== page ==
Member area

OECD Ministerial Council overlooks collective bargaining and social dialogue

06 May 2024

TUAC says the OECD Ministerial Council Statement is positive in

  • committing to strengthening implementation of climate action; developing closer cooperation with the Indo-Pacific region and Africa, and reaffirming universal respect for human rights and fundamental freedoms,
  • acknowledging the need to tackle inequalities and recognizing the importance of improving the quality of employment.

TUAC also considers the Ministerial meeting’s adoption of a strengthened Recommendation on Artificial Intelligence as a positive step.

“It is disappointing that the Ministerial Statement merely commits to take into account socially just transitions to a net-zero economy,” said Veronica Nilsson, General Secretary of TUAC, “rather than to ensure that the transition is socially just.”

While strongly supporting closer ties to African, Asian and Pacific countries, TUAC insists that this must include dialogue with trade unions.

“It is a missed opportunity that the Ministerial Statement makes no reference to trade unions, collective bargaining or even social dialogue”

— Veronica Nilsson, General Secretary of TUAC,

TUAC argued at the Ministerial Council Meeting (MCM) that development aid and policies to tackle poverty in developing economies should prioritise enabling workers to join trade unions and encouraging governments to support collective bargaining – as most adults in poverty are in work, and collective bargaining increases wages and reduces inequality.

TUAC also called on OECD countries to enforce labour standards in trade agreements, and to prioritise enforceable labour clauses in future trade deals.

The MCM adopted a Revised Recommendation of the Council on Artificial Intelligence. The Recommendation states the need to respect internationally recognised labour rights, calls for social dialogue to ensure a fair transition for workers, and for governments to work closely with stakeholders to enhance the quality of jobs.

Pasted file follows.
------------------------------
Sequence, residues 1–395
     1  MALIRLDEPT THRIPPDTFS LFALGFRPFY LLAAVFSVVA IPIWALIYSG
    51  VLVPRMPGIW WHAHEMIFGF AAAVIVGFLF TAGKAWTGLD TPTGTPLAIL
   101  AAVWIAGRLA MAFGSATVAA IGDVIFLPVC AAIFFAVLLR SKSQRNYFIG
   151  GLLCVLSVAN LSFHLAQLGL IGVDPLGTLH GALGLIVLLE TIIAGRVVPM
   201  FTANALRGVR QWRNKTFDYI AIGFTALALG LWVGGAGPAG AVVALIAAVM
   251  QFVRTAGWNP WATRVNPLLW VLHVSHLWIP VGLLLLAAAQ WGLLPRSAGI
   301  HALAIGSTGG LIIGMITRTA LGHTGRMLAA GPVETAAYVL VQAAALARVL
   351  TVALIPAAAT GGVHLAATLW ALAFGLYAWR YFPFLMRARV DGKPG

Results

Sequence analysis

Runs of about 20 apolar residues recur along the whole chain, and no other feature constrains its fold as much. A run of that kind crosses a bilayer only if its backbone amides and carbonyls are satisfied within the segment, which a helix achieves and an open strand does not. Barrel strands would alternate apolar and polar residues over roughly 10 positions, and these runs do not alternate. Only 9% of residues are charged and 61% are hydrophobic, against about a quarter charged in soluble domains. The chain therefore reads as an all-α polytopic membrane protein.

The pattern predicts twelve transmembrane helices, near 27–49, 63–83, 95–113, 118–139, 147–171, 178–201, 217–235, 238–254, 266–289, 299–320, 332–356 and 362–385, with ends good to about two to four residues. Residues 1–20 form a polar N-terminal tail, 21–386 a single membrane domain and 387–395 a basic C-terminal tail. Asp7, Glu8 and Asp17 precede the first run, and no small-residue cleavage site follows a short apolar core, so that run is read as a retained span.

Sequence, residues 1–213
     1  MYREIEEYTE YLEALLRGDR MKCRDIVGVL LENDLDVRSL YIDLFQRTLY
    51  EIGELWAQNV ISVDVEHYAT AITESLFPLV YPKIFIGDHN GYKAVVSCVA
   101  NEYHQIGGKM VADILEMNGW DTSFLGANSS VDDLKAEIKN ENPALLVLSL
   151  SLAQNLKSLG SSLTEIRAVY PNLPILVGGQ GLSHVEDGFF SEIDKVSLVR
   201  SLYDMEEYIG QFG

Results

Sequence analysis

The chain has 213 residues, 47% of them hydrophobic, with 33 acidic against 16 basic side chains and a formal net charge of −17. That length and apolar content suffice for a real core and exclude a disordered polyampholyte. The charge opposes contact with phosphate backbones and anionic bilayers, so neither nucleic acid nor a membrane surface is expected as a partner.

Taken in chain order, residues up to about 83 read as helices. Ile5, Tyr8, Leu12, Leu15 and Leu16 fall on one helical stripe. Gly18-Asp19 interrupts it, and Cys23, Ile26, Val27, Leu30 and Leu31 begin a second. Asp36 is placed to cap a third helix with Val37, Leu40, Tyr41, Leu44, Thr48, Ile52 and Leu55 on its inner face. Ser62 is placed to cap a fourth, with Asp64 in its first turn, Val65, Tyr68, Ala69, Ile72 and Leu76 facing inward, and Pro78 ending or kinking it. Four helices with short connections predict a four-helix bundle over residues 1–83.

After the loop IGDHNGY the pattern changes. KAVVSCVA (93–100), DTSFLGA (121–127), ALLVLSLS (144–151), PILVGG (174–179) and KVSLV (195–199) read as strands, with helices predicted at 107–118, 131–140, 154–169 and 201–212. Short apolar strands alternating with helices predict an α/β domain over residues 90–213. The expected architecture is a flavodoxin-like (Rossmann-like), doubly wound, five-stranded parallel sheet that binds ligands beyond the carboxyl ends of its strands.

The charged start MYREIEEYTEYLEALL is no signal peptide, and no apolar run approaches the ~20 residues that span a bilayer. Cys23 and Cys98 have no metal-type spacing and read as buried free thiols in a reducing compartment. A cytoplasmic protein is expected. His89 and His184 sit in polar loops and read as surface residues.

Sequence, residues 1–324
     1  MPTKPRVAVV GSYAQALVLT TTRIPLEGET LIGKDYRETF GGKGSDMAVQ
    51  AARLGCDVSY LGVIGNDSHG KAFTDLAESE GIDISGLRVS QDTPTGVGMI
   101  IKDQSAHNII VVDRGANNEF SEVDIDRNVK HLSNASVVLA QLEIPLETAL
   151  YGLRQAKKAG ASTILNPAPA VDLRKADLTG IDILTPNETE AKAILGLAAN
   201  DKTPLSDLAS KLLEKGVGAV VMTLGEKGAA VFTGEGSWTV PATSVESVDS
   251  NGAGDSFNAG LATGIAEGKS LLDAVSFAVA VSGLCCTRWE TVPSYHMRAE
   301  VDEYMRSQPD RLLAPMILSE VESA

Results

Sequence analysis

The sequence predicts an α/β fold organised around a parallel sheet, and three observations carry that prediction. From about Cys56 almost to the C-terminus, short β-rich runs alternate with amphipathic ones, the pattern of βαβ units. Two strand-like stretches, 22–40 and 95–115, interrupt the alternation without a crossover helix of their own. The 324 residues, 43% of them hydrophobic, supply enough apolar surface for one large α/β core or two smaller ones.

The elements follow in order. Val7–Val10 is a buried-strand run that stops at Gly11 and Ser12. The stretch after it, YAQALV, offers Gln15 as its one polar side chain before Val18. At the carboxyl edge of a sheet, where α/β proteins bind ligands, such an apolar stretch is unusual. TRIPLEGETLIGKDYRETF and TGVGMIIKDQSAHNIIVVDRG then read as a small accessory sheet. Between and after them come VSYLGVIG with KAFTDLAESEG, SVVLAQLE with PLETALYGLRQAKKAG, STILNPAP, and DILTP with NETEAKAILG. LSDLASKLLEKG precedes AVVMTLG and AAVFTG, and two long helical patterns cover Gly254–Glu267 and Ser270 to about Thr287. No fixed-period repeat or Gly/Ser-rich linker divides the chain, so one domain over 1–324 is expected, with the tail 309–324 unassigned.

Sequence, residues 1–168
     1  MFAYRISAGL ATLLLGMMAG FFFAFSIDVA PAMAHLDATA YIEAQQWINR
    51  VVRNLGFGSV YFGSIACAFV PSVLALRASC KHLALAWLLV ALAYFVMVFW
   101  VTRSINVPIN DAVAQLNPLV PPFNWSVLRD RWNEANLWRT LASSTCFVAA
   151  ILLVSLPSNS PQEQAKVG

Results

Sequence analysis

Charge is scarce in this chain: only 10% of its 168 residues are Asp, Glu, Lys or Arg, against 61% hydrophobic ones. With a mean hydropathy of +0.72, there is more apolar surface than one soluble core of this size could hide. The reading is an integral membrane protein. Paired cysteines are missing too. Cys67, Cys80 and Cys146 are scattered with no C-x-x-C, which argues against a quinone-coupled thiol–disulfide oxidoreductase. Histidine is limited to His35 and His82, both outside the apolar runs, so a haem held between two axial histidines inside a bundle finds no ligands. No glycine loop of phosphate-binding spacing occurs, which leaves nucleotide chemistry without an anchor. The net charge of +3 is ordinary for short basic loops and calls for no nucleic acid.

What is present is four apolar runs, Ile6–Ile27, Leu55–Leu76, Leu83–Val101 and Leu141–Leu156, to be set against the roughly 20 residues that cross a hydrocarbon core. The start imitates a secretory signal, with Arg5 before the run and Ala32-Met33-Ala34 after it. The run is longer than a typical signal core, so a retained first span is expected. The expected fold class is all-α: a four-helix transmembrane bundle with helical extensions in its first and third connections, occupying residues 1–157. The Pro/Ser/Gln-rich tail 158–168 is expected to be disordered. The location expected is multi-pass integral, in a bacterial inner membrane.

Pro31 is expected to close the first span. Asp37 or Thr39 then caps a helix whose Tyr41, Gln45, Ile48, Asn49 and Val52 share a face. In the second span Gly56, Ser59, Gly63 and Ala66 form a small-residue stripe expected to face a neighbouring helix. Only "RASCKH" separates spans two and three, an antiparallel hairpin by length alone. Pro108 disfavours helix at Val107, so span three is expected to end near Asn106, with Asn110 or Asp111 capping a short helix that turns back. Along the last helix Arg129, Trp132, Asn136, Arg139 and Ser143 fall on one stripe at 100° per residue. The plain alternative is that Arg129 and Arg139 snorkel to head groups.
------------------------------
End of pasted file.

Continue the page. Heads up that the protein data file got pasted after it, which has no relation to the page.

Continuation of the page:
“Governments must now implement the recommendation on artificial intelligence, to develop and update regulation to address the risks and ensure the benefits are fairly shared. The Recommendation represents a starting point, TUAC calls on the OECD to guide countries in putting it into practice.”

— Veronica Nilsson

The MCM adopted Roadmaps for the accession of Indonesia and Argentina to the OECD. TUAC insists that respect for labour rights, and the promotion of strong industrial relation systems with wide collective bargaining coverage, must be a condition for OECD accession.

The theme of the 2024 MCM, which took place on 2-3 May, was ‘Co-Creating the Flow of Change: Leading Global Discussions with Objective and Reliable Approaches towards Sustainable and Inclusive Growth’. TUAC appreciated the emphasis placed on sustainable and inclusive growth, and its prominence in the Ministerial statement.

Taking part in the MCM were Veronica Nilsson, General Secretary of TUAC; Hideyuki Shimizu, Vice President of TUAC and General Secretary of Japanese Trade Union Confederation RENGO; and Eric Peres, Secretary General of FO Cadres, France.

TUAC submitted detailed comments ahead of the OECD Ministerial Council, which were also presented to a pre-MCM consultation between social partners and the OECD and the Japanese Presidency of the MCM.

For more information: the full OECD Ministerial Council statement.